Passive-aggressive road rage is defined as:

“…a reactionary protest against feeling thwarted, coerced, mistreated, or repeatedly wronged, characterized by feelings of rancor and resentment against other drivers” (p. 85)

This form of road rage includes such tendencies as the “left-lane bandit” (p. 86), one who has the tendency to be stubborn and contrary behind the wheel, manifested by the tendency to drive slowly in the left “fast” lane, to the despair and annoyance of other drivers on the road.

Verbal road rage is likely the most common form of road rage, simply because it us the most easily expressed The driver who expresses verbal road rage can often do so without fear of retaliation by his fellow drivers as he/she commonly expresses the verbal rage in the confines of his/her vehicle. Verbal rage is defined as:

“…the habit of constantly complaining about the traffic, keeping up a stream of mental or spoken attacks against drivers, passengers, law enforcement officials, road workers, pedestrians, speed limits, and road signs” (p. 89)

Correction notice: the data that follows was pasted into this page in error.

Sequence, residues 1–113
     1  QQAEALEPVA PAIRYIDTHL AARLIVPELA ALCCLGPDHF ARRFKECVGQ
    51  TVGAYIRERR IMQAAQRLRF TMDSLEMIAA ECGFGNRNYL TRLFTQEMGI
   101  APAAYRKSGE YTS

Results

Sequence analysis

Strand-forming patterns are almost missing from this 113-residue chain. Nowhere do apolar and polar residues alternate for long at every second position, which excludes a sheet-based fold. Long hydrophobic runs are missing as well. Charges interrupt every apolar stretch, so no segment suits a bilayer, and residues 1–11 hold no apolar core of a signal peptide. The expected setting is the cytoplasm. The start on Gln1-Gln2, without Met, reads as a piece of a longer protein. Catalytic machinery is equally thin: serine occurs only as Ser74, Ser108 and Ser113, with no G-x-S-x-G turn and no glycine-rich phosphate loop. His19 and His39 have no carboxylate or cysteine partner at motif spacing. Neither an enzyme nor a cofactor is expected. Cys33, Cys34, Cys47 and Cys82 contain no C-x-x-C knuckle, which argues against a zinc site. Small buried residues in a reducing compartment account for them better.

Epic road rage is the most serious and fatal of these road rage types. Drivers often progress from the milder forms of road rage, as verbal road rage, to this confrontational and often violent rage. Epic road rage is defined as:

“the habit of fantasizing comic-book roles and extreme punitive measures against another driver, such as chasing, beating up, ramming, dragging, shooting, and killing, sometimes to the point of acting on it” (p. 91-92)

Topic 3: The Four types of Aggressive Drivers (p. 97-106)

Among those of us who can be considered aggressive drivers; we can usually be categorized as one of four types: automotive vigilante, rushing maniac, aggressive competitor, and scofflaw. Of these four I can most associate with the rushing maniac; I always have a need to get to my particular destination as fast as possible.